Brain Scans Show How Language Is Processed
It was clear from the student’s expression that he hadn’t understood the sentence. We’d just read “The girl pulled her wagon up the hill” and I was asking him to describe what he pictured in his mind’s eye.
“I see ‘the girl pulled her wagon up the hill.'”
“So, tell me what the girl looks like in your picture.”
“She looks like she’s pulling her wagon up the hill.”
When we hear language, our brains turn the words into mental images based on our own experiences and background knowledge. If your brain doesn’t efficiently access your experience and knowledge, images are often incomplete or inaccurate, which has an adverse effect on comprehension. This is the basis for the Visualizing and Verbalizing program we use in the clinic. If your brain can make an accurate picture, you can use that picture to reason, infer, and predict. Kids who have their mental imagery stimulated through careful questioning consistently see strong gains in reading comprehension and oral expression.
Visualizing and Verbalizing has been around since the mid 1980s, but neuroscientists have recently made a significant discovery that further validates its’ premise. For many years, brain scans could only study brain activity connected to individual words because the signals of brain activity from functional magnetic resonance imaging, or fMRI, last for several seconds, which makes it too slow to keep up with natural reading. An average reader processes multiple words per second, making it difficult to see which parts of the brain are activated when processing specific words. To counter this, researchers used an eye tracking device to isolate which words readers were focusing on in a given instant and link the correct neural activity to them.
John Henderson, professor of psychology at the University of California – Davis, published his work in the April 6 edition of Journal of Neuroscience. He and his team specifically measured the neural activity when subjects were focusing on “manipulable nouns” – words referring to things that can be picked up and interacted with in the physical world. They discovered that areas of the brain related to physical action and manipulation lit up when readers thought about manipulable nouns.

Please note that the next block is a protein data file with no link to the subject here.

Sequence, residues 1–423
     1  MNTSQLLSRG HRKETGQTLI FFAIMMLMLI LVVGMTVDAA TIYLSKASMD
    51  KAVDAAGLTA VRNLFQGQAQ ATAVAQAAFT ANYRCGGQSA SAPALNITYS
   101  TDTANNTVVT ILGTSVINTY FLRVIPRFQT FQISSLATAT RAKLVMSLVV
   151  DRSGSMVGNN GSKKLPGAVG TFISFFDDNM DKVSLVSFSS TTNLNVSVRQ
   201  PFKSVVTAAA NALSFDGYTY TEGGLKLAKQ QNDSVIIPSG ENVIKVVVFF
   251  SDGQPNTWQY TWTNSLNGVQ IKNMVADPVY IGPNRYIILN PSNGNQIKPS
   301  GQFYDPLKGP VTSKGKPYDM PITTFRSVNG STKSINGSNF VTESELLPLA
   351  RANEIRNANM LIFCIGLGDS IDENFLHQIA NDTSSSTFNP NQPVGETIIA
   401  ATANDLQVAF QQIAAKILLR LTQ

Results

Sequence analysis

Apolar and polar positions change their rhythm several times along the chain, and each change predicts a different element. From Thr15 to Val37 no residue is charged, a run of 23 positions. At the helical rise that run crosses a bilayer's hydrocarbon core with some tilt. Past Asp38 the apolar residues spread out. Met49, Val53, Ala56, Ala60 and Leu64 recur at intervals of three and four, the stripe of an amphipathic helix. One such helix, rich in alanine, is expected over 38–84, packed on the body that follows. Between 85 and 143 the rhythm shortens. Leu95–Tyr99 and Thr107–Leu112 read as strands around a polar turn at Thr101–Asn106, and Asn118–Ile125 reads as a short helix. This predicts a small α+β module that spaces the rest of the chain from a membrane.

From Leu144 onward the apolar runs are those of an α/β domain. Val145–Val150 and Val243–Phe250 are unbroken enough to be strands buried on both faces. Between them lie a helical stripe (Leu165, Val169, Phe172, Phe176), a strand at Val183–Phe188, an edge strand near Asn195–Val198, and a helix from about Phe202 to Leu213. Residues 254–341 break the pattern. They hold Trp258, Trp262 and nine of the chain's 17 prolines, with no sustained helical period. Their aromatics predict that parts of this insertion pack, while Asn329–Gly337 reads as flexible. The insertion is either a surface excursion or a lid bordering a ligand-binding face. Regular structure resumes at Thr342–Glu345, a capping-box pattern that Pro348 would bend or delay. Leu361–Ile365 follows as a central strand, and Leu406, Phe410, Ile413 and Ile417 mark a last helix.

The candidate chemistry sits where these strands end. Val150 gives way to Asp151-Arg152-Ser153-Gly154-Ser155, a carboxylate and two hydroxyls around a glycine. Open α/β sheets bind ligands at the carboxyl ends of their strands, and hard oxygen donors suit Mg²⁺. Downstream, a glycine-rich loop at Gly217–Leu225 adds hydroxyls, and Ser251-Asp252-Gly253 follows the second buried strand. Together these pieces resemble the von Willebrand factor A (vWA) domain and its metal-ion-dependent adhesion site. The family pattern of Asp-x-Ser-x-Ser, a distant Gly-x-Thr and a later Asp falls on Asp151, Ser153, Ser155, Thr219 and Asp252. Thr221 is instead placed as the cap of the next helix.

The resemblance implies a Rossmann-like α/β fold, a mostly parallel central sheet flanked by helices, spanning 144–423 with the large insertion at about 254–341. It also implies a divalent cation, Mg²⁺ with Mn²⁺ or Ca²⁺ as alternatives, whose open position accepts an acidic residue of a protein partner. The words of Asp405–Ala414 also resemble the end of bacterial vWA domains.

This finding supports the work we’ve been doing in the clinic for years. If you link words to action and real-life scenarios, your brain is able to process the words efficiently. It’s wonderful to have this added validation for our treatment approach. We look forward to seeing how this new type of brain scan will be used in research about dyslexia and other learning disabilities, as well.
As for our student from the beginning of this post, I asked him to get up and show me what the girl was doing. He stood up, frowned for a moment, then put out his hand.
“She’d have to grab the handle and… oh! She’s going to walk this way and hold onto the wagon handle so the wagon is behind her!”
It was clear from the way his eyes lit up that his brain had made the connection to the action. With more targeted imagery practice, his brain will begin to make those connections independently, which will help him become a more efficient learner and communicator.
For more information about the study, check out this article:
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